Nanotechnology Now

Our NanoNews Digest Sponsors





Heifer International

Wikipedia Affiliate Button


android tablet pc

Home > Press > MIPT-based researcher predicts new state of matter

Abstract:
A researcher with the Department of Electrodynamics of Complex Systems and Nanophotonics, Alexander Rozhkov, has presented theoretical calculations which indicate the possible existence of fermionic matter in apreviously unknown state - in the form ofaone-dimensional liquid, which cannot be described within the framework of existing models. Details are contained in Rozhkov's article in the journal Physical Review Letters, and are also available as a preprint at www.arxiv.org.

MIPT-based researcher predicts new state of matter

Moscow, Russia | Posted on June 17th, 2014

Rozhkov explained that the one-dimensional liquid state of matter is not necessarily one that can be observed with the naked eye on a macroscopic scale. The term "liquid" should be understood broadly, he said; it applies to models describing multi-particle systems with inter-particle interaction. Such models can be described as quite ordinary objects such as electrons in conductors and more sophisticated objects,such as nanotubes, nanowires or graphene sheets.

"Currently there are two general models of fermionic matter, namely fermionic liquid (for three- and two-dimensional spaces) and Tomonaga-Luttinger liquid (for one-dimensional space)," Rozhkov said. "I showed that it is possible to produce yet another state of one-dimensional matter adjusting certain interactions. This state is similar to both of these models, but cannot be reduced to either. I suggested calling it aquasi-fermionic liquid."

As follows from the proposed name, the newly found matter consists of fermions, which are particles with half-integer spin. (Spin is the quantum characteristic of a particle, while half-integer is an integer plus one-half.) According to the laws of quantum mechanics, the behavior of substances consisting of fermions differs from that of matter consisting of bosons, which are particles with integer spin.

The difference between Bose and fermionic liquids can be illustrated with the example of liquid helium: the atom of a helium-4 isotope has a Bose nucleus, and forms of Bose liquid that undergoes Bose condensation at temperatures below 2.17 Kelvin. A Bose-condensed liquid exhibits superfluidity, for example, it can flow through any crack without meeting any resistance. Helium-3 has a fermion nucleus, and therefore forms afermionic liquid. To turn helium-3 into a superfluid one needs to cool it to 0.0025 Kelvin.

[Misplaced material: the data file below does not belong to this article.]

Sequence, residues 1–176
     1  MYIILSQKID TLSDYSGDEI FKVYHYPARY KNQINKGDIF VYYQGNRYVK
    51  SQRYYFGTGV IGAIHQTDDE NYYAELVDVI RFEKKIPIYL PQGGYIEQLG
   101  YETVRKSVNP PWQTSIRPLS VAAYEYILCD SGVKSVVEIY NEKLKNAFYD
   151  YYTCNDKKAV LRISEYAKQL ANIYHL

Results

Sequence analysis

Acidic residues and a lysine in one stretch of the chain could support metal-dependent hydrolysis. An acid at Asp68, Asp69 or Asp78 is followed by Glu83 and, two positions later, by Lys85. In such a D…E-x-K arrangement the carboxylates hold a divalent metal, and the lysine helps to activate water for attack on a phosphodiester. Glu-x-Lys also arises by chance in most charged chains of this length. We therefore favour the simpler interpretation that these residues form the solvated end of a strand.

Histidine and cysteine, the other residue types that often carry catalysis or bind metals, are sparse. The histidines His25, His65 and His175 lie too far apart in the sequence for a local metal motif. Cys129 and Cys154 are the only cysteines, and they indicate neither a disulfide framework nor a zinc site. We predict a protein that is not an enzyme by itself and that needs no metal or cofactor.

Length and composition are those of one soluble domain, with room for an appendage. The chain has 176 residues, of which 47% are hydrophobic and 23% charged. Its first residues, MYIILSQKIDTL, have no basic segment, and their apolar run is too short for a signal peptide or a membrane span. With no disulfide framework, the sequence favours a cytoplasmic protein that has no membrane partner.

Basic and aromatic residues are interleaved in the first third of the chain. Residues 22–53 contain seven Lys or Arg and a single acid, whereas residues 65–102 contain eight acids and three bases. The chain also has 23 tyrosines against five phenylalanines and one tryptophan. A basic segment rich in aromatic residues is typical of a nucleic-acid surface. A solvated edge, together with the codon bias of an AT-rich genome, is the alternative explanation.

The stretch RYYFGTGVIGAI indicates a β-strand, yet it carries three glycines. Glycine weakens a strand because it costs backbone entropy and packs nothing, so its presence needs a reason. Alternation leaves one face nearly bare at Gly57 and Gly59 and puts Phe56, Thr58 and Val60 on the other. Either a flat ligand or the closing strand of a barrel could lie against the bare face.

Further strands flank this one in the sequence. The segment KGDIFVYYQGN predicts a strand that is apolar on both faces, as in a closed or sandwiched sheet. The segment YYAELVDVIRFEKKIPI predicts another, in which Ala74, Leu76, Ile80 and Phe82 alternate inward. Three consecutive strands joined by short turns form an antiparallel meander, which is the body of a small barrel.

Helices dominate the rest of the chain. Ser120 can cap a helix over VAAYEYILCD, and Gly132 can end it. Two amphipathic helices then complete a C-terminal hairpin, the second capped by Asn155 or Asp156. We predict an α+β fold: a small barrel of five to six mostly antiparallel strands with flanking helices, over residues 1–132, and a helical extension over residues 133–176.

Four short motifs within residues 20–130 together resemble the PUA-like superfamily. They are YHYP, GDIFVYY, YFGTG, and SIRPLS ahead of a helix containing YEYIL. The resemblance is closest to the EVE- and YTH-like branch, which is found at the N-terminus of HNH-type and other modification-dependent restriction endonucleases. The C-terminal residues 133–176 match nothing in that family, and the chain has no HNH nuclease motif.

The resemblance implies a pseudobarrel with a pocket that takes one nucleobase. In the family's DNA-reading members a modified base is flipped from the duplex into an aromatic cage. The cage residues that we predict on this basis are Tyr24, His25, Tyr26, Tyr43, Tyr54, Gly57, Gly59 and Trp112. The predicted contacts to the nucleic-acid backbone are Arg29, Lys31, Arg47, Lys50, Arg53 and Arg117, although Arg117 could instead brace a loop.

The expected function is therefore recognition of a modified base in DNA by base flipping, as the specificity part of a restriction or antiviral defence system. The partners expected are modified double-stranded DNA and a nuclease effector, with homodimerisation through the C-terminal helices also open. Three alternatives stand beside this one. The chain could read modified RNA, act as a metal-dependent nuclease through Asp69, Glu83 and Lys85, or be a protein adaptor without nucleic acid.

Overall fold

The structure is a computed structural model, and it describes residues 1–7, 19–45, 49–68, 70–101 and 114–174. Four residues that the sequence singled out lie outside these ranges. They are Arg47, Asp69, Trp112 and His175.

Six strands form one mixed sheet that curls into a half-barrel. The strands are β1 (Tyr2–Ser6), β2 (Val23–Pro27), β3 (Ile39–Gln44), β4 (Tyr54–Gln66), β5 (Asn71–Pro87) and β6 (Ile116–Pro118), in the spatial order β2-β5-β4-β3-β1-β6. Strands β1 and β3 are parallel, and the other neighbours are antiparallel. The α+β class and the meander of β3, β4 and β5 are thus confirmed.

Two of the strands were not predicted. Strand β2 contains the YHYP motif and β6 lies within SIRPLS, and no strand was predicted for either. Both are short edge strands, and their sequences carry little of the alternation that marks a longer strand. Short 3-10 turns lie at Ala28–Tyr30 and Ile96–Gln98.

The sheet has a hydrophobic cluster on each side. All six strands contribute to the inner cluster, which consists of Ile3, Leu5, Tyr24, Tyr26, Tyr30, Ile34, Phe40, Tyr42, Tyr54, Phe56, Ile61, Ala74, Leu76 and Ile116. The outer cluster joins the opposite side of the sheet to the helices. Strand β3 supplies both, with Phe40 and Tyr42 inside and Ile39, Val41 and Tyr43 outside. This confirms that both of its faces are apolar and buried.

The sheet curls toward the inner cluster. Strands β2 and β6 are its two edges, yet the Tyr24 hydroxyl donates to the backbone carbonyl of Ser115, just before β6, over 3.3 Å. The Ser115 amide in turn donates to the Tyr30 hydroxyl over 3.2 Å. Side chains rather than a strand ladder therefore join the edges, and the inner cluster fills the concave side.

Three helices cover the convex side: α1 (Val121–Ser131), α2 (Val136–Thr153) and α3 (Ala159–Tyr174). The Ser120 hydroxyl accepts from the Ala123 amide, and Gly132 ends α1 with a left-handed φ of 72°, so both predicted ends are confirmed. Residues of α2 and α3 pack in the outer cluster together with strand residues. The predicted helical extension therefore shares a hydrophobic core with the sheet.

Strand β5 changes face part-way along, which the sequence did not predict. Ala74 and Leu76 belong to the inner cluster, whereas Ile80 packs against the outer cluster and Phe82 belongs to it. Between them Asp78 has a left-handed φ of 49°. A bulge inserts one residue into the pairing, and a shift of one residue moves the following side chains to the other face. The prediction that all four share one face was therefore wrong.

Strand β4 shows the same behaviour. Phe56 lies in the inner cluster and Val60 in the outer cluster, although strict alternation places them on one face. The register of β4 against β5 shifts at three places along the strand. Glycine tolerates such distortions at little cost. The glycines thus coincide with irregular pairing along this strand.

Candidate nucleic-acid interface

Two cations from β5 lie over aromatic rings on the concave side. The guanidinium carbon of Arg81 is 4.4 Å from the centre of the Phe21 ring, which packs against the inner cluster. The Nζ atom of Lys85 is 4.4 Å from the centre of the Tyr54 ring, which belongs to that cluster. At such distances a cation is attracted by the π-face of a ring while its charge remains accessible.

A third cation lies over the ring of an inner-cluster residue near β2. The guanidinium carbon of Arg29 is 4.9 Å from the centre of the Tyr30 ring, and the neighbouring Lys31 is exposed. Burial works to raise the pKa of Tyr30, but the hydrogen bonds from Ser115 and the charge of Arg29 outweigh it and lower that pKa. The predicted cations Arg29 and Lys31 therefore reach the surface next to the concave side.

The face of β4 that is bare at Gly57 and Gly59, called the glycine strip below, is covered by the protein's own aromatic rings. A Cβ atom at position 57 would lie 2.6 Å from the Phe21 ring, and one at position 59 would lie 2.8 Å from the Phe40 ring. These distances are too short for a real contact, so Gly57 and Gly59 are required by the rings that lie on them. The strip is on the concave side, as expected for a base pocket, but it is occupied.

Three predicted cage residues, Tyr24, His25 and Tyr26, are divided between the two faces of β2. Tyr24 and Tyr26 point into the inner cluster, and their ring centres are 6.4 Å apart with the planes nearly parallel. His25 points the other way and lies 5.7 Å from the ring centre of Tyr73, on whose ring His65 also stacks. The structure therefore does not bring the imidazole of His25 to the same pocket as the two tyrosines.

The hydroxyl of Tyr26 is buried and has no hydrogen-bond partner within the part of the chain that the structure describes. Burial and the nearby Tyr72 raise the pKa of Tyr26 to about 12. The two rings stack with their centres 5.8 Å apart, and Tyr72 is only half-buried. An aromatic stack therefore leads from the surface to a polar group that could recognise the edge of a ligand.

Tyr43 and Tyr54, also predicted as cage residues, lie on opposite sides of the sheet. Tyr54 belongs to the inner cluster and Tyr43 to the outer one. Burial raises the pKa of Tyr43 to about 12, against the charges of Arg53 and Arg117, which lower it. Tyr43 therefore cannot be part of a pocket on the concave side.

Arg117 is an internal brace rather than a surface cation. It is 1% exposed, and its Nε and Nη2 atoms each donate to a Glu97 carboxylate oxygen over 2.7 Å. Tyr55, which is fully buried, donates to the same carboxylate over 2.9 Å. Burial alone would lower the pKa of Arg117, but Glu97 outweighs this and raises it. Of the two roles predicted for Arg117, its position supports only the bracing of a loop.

Rozhkov also noted that at low temperatures and in high magnetic fields, fermions begin to behave as if they had no spin, which simplifies their modeling, allowing a researcher to maintain sufficient accuracy.

Preliminary estimates show that the new one-dimensional liquid statecan be obtained using atoms cooled to very low temperatures in magnetic traps. However, it is still too early to consider the practical application of such a system, according to Rozhkov.

"In almost any contemporary paper, both theoretical and experimental, researchers describe the practical application of their discovery, but at this stage I would not hopetoo much for any practical application," Rozhkov said. "I found an exotic mutant different from anything currently known. And whether this can be applied in practice remains to be seen. At this moment I don't think so," said Rozhkov.

Rozhkov added that the group of researchers he works with is also looking into other low-dimensional and multi-particle systems. For example, new results were recently obtained on the possible anti-ferromagnetism in two-layer graphene-AA, and a new description for quantum dots of superconducting material was drafted.

MIPT's press service would like to thank Dr. Alexander Rozhkov for his generous help in writing this article.

####

For more information, please click here

Contacts:
Alexandra O. Borissova

7-495-408-6445

Copyright © Moscow Institute of Physics and Technology

If you have a comment, please Contact us.

Issuers of news releases, not 7th Wave, Inc. or Nanotechnology Now, are solely responsible for the accuracy of the content.

Bookmark:
Delicious Digg Newsvine Google Yahoo Reddit Magnoliacom Furl Facebook

Related Links

Download article:

Related News Press

News and information